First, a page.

If you’ve ever waited in line at a public hospital or clinic for medication, you know it can be a day-long wait in a queue for medicine that may or may not be in stock. Now the Mint Group, winner of several Microsoft Partner Awards, has teamed up with Limpopo Health to use artificial intelligence to cut wait times.
At a media round table during the Microsoft Ignite event in Sandton last week, Microsoft partners explained how the company’s solutions change the way future technologies are used today.
“Working with Limpopo Health was an interesting project,” said Peter Reid, Practice Head of Artificial Intelligence at Mint Management Technologies. “Firstly, the initial pilot was co-sponsored by Microsoft and it wouldn’t have happened without that investment. It was one of those interesting examples where we have the tool, which is AI, and the problem, which is our public health care, specifically primary health care clinics. We often see in our interactions with customers, they come up with a use case for AI that we would never have thought of, which is typical of any cutting edge technology.
“In this case, the customer has public clinics that have several problems. The primary problems were in terms of stock management for medicine.
“They said you’re not allowed to turn away a patient in South Africa at a health care facility. So a patient would come into a clinic and say I need my chronic meds, diabetes medication for example. Because there were no good digital systems, they’ll walk down the road and go to the next clinic and continue this pattern, in order to sell these meds on the black market. So this meant shrinkage for the clinics.
“The secondary problems are customer-facing. They have key management problems. There are typically 6 to 8 queues in a clinic and the social impact is big, which we never realised before we started.
“If you’re going to the clinic once a month and you’re spending a day queuing, that’s 12 days of the year of your leave that’s wiped out just by queuing At a clinic. A lot of problems are caused by taking so much leave, which affects the ability to go back home regularly.”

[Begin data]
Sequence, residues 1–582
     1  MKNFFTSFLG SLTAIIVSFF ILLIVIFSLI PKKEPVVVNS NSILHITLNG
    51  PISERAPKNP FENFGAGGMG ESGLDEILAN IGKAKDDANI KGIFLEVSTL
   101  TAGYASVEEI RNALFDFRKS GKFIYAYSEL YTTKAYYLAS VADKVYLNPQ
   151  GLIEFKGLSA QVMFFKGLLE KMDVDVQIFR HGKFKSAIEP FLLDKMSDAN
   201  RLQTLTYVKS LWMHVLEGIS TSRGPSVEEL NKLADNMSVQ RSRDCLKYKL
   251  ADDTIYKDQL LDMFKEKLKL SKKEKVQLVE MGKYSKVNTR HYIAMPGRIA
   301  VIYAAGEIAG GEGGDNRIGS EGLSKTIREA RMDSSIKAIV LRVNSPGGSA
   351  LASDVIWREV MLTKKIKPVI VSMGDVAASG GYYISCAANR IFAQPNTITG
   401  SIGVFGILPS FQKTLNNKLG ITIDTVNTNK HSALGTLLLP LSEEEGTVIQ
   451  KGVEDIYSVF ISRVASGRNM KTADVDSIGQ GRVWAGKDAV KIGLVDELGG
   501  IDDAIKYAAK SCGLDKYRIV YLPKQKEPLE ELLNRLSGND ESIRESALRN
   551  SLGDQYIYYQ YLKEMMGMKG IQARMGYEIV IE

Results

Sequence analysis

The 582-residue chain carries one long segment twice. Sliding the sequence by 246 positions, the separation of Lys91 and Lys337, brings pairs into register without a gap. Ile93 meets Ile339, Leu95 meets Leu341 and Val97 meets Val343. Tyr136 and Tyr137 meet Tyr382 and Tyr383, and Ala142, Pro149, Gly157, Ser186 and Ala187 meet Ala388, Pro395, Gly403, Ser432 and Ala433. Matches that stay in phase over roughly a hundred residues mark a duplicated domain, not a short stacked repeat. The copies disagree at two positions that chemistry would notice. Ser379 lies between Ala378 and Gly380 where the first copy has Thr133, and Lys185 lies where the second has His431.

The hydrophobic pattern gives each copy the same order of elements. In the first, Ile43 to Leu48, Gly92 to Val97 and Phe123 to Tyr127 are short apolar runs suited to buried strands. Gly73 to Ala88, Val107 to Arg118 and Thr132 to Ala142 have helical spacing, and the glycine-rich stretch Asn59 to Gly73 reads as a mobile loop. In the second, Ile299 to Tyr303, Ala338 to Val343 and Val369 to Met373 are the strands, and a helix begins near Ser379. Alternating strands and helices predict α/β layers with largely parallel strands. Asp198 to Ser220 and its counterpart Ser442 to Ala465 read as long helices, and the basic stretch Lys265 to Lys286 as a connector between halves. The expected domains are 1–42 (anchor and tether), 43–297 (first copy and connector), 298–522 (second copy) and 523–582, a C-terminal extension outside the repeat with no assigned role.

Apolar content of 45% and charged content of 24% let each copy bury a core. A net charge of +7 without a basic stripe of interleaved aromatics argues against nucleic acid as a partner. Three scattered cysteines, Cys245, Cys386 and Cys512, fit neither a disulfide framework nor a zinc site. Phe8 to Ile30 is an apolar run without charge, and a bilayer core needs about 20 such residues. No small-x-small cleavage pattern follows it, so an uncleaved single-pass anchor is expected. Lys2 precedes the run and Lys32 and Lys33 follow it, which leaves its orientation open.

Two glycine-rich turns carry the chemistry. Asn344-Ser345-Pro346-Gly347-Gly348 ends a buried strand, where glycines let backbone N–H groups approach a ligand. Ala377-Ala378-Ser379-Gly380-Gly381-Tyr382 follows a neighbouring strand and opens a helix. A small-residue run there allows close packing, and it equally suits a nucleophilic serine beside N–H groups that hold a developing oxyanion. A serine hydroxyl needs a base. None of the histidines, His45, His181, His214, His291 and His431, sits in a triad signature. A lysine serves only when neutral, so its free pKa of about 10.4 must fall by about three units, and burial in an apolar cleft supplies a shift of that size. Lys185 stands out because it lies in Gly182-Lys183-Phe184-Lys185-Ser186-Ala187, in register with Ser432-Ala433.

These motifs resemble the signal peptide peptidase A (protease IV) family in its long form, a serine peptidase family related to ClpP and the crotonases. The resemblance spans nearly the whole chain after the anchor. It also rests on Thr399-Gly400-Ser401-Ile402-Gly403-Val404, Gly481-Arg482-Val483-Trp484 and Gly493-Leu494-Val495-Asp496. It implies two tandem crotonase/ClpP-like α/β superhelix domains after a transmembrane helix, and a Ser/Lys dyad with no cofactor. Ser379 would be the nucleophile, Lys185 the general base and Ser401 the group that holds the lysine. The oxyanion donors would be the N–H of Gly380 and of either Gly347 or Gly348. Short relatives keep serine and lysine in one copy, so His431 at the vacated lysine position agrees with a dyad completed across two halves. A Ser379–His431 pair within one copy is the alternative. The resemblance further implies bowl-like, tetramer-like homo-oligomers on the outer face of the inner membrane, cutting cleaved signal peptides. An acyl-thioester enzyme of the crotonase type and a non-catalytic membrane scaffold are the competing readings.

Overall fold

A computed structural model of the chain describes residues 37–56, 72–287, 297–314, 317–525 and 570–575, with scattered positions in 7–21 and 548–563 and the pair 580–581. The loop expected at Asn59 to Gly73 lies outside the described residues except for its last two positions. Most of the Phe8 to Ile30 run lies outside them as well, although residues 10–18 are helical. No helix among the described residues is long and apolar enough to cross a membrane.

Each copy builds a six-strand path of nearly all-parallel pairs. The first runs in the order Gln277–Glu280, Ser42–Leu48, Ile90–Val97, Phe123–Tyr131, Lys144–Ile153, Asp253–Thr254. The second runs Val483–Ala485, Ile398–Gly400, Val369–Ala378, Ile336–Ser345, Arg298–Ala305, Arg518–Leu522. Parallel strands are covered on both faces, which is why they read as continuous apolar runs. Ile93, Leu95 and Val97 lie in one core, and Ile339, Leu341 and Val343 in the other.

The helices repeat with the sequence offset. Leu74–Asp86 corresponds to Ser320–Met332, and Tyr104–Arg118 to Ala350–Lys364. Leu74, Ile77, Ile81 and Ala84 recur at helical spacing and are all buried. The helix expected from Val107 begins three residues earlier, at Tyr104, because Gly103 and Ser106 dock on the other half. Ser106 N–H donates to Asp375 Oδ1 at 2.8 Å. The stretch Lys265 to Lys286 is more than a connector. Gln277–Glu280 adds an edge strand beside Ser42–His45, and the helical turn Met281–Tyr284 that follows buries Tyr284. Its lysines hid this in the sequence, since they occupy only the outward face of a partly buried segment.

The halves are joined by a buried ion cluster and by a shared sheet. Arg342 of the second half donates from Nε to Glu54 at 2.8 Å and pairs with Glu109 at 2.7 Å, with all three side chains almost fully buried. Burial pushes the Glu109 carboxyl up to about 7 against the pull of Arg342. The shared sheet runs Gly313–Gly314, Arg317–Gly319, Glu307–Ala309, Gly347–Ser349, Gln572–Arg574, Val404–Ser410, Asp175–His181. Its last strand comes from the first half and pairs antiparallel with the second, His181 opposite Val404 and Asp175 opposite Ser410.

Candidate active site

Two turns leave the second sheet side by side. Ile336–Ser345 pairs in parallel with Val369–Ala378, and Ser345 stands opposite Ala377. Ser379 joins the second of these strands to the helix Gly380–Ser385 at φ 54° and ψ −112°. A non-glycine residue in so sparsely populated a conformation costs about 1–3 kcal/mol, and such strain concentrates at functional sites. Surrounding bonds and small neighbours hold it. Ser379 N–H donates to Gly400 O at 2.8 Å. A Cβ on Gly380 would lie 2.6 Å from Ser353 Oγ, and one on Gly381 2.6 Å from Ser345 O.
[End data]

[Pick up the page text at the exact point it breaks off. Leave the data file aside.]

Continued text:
AI professionals at Mint Group got to work solving the problem using new technology, but not with the intention of applying AI for AI’s sake.
“We said ‘let’s take AI and apply it to your problems’,” said Reid. “We came up with a solution, which is based on face recognition and handles queue management in the clinics. So, as you walk in, if you’re not yet registered, you stand in front of the camera, it takes five to seven images for your profile, scan your ID or driver’s license, it does a Home Affairs lookup to validate who you say you are, then you’re registered on the system. From that point on the record is digital.
“Then you move from station to station within the clinic, which is handled by our queue engine. Every station that you reach can only unlock your patient details when your face is physically present. So that has obvious advantages like in the pharmacy, they can only dispense medication to you if you’re physically there when you’re in front of the camera. We have what we call liveness detection, so you can’t hold up a picture, which is a great way of reducing fraud. But more than that, your digital records are now tied to your face, which is non-transferable.”
“There’s a whole bunch of automatic tracking that’s happening as well,” said Craig Heckrath, an AI consultant at Mint Management Technologies. “We’re using facial identification, as you move from camera to camera. We know when you’ve arrived, until you’re at the front being served, so we can – behind the scenes – track the data.
“One of the things we often get asked is ‘what improvement do they have?’.
“The reality is: before, they had no data, they had no idea how long people queue for, which were the peak times, all that really important information they needed to do proper research management, they couldn’t do that. They just didn’t have the data, which is actually related to machine learning, and automated data is the best kind of data. It’s much cleaner and has less bias built-in, as opposed to somebody sitting over there tracking people, and maybe they get it wrong or they get bored.”
According to Johannes Kanis, cloud and enterprise business group lead at Microsoft, this is just scratching the surface of what’s to come with AI innovation.
“We’re working with customer industries like retail and finance because of the competitive nature of what they’re doing, but they’re not as forthcoming to talk about some of the cases like Mint Group has today. It’s very exciting to see where customers are taking the capabilities of technology and using it to solve business problems, and also drive competitive elements in the market.
“I think we’ve only scratched the surface in terms of what’s possible with AI. In the next 12 months I think we’re going to see a lot of exciting innovations in the industries around us.”